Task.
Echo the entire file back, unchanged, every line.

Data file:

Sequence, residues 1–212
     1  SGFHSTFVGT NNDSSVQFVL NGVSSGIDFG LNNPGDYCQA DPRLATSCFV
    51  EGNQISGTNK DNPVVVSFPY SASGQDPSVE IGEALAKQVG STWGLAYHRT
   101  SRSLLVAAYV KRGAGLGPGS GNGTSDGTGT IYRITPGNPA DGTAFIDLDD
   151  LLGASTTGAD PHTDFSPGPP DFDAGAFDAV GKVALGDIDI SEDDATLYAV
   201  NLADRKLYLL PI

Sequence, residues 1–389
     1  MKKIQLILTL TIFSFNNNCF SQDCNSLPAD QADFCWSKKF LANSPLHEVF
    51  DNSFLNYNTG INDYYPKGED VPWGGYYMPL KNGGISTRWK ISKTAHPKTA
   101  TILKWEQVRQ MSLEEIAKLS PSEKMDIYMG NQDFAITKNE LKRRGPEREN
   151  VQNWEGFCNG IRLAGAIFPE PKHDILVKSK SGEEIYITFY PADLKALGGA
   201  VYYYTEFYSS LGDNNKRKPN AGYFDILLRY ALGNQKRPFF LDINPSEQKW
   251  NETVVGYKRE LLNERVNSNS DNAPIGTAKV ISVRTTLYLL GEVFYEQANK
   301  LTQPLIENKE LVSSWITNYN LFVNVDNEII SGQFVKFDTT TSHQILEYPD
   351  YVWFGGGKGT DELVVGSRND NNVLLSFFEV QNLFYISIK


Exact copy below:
Sequence, residues 1–212
     1  SGFHSTFVGT NNDSSVQFVL NGVSSGIDFG LNNPGDYCQA DPRLATSCFV
    51  EGNQISGTNK DNPVVVSFPY SASGQDPSVE IGEALAKQVG STWGLAYHRT
   101  SRSLLVAAYV KRGAGLGPGS GNGTSDGTGT IYRITPGNPA DGTAFIDLDD
   151  LLGASTTGAD PHTDFSPGPP DFDAGAFDAV GKVALGDIDI SEDDATLYAV
   201  NLADRKLYLL PI

Sequence, residues 1–389
     1  MKKIQLILTL TIFSFNNNCF SQDCNSLPAD QADFCWSKKF LANSPLHEVF
    51  DNSFLNYNTG INDYYPKGED VPWGGYYMPL KNGGISTRWK ISKTAHPKTA
   101  TILKWEQVRQ MSLEEIAKLS PSEKMDIYMG NQDFAITKNE LKRRGPEREN
   151  VQNWEGFCNG IRLAGAIFPE PKHDILVKSK SGEEIYITFY PADLKALGGA
   201  VYYYTEFYSS LGDNNKRKPN AGYFDILLRY ALGNQKRPFF LDINPSEQKW
   251  NETVVGYKRE LLNERVNSNS DNAPIGTAKV ISVRTTLYLL GEVFYEQANK
   301  LTQPLIENKE LVSSWITNYN LFVNVDNEII SGQFVKFDTT TSHQILEYPD
   351  YVWFGGGKGT DELVVGSRND NNVLLSFFEV QNLFYISIK